Pittsburgh’s Prospect Rehab

Ever seen Celebrity Rehab ? Basically, a bunch of former stars try to clean up their lives and stay on the straight and narrow path. Recently, the Pittsburgh Pirates have employed a similar strategy with erstwhile top prospects. The Bucs scooped up four former top 100 farm talents (as rated by Baseball America) from other organizations, hoping the players could reclaim some semblance of their previous glory. Here’s a look at how those players are performing.

Ronny Cedeno, SS
#94 prospect prior to 2006
Acquired: July 2009 from Seattle Mariners

Originally a Cubs prospect signed out of Venezuela back in 1999, Cedeno showed some offensive promise at the Double-A and Triple-A levels. After a 2005 season in which Cedeno raked at Iowa (355/.403/.518) and made his be league debut, BA said that he had “proven that he could be more than a glove man.”

Suffice it to say, his bat hasn’t translated to the highest level — in 1,550 career plate appearances, Cedeno has a .273 wOBA and a 61 wRC+. BA also said that he lacked plate patience, and that part of the scouting report was dead on. Cedeno’s outside swing rate in the majors tops 35 percent.

Despite a .281 wOBA and a 71 wRC+, Cedeno hasn’t been a total liability in 2010. He has 0.7 Wins Above Replacement, on the strength of a +16.2 UZR/150 at shortstop. However, Ronny’s career UZR/150 at the position is -1.3. The 27-year-old will need to keep playing stellar defense to make up for his Adam Everett-esque lumber.

Jeff Clement, 1B
#33 prospect prior to 2006, #62 pre-2007, #42 pre-2008
Acquired: July 2009 from Seattle Mariners

The third overall pick in the 2005 draft, Clement was a highly-coveted talent as a lefty-swinging, power hitting catcher. Unfortunately, he tumbled down the defensive spectrum due to unflattering scouting reports and knee problems. Now, Clement’s strictly a first baseman. He last strapped on the catcher’s gear in 2009, and that was just for 16 games.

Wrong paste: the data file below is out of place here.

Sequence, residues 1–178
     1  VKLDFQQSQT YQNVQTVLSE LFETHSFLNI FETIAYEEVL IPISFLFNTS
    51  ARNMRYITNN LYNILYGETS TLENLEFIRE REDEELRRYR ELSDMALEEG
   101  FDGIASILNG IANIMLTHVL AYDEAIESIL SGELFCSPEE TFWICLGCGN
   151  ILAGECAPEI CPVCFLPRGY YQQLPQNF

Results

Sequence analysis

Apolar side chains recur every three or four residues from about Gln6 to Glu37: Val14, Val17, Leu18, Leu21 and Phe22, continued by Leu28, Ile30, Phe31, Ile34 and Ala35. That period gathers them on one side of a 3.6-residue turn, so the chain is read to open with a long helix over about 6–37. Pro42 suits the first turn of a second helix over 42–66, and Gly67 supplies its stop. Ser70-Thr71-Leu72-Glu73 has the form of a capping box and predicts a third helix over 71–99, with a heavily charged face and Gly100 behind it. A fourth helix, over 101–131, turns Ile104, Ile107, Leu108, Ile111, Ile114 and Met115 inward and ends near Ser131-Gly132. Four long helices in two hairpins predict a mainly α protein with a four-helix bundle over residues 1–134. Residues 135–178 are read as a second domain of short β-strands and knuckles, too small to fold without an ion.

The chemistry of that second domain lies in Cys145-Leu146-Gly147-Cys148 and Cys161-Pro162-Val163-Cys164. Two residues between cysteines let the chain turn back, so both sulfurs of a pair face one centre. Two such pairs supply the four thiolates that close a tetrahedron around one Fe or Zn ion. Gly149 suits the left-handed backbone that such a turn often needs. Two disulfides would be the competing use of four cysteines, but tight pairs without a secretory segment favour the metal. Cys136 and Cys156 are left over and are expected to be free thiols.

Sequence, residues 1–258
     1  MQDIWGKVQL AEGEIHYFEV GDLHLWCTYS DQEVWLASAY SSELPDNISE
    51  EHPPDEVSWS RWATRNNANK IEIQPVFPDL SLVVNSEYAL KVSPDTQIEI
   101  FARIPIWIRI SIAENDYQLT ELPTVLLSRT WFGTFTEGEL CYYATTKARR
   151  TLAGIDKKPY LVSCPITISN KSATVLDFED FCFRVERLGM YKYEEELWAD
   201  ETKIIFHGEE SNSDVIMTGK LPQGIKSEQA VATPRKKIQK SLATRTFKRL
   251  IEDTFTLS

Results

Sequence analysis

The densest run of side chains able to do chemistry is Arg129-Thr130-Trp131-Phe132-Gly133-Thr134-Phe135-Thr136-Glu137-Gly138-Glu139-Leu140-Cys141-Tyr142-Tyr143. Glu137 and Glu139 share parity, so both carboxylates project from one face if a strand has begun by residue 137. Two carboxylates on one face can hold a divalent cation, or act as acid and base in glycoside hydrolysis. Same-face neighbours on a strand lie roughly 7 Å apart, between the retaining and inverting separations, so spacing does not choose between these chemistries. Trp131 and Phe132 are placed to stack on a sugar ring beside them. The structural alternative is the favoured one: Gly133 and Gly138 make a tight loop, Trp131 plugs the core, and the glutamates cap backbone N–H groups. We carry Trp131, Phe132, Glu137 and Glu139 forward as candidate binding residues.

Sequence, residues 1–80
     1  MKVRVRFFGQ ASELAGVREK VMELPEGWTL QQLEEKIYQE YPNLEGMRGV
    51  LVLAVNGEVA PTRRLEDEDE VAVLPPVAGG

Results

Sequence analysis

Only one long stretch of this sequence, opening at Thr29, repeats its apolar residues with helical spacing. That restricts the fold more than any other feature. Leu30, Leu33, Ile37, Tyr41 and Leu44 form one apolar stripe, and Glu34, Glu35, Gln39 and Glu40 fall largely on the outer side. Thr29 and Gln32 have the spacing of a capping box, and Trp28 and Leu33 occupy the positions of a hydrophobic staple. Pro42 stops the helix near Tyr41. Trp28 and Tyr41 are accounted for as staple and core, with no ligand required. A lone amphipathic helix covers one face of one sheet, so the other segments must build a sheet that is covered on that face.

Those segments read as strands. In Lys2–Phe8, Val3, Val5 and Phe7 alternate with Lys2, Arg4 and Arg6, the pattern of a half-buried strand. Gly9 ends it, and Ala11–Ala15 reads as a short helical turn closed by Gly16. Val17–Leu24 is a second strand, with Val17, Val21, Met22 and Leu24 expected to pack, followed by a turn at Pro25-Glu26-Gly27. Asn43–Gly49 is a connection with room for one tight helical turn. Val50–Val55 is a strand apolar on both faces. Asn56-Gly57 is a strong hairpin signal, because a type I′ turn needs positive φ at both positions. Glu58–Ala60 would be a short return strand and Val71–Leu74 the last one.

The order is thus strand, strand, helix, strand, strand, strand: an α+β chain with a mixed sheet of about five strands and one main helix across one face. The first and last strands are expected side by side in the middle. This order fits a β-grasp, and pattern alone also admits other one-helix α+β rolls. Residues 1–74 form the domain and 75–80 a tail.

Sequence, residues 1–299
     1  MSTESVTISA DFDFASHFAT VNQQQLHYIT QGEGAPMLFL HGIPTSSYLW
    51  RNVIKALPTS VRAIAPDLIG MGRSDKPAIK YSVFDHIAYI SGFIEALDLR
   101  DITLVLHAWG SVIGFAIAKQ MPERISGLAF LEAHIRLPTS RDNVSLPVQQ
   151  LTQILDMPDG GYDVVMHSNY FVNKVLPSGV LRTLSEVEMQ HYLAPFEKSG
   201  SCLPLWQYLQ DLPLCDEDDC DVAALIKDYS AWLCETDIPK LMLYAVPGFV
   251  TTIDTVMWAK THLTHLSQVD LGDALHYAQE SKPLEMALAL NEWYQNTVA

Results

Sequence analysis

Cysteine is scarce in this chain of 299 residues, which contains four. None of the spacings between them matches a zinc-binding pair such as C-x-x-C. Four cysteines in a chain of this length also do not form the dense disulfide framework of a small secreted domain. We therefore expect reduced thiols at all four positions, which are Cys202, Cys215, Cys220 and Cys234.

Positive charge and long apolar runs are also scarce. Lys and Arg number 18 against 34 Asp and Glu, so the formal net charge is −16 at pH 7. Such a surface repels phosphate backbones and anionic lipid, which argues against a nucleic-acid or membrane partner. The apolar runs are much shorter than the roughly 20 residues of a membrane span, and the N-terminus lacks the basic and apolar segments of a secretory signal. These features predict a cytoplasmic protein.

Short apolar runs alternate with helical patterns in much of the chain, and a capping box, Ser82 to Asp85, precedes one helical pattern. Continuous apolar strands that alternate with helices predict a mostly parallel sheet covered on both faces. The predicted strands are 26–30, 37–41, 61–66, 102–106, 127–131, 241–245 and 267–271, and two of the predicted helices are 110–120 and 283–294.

Though he managed a decent .279/.368/.492 line in over 1,500 PA at the Triple-A level, Clement has a .283 wOBA and a 72 wRC+ in 380 career trips to the plate in the majors. CHONE and ZiPS both gave the former USC star a .350 wOBA projection for the 2010 season, but he has a ghastly .237 wOBA so far. A .213 batting average on balls in play hasn’t helped, but Clement is hacking at 31.4 percent of off-the-plate pitches, walking 4.4 percent and whiffing 26.8 percent. Considering the position that he now plays, he has -0.7 WAR on the season.

Clement has found himself on the bench more often as of late, with Pittsburgh turning to either Garrett Jones or Bobby Crosby (speaking of former prospects..) at first base. Now 26, Clement is in serious danger of being written off as a viable starter in the majors. His rest-of-season ZiPS projects a .334 wOBA — that’s just not useful from a first baseman.

Andy LaRoche, 3B
#74 prospect prior to 2005, #19 pre-2006 and 2007, #31 pre-2008
Acquired: July 2008 from Los Angeles Dodgers

It’s not entirely fair to lump LaRoche in with the other guys on this list. First, he wasn’t really picked up as a reclamation project — LaRoche was perhaps the prime prospect acquired by the Pirates in the three-team Jason Bay/Manny Ramirez proceedings. Also, the former Dodgers prospect was a relatively productive starter last season, with 2.6 WAR.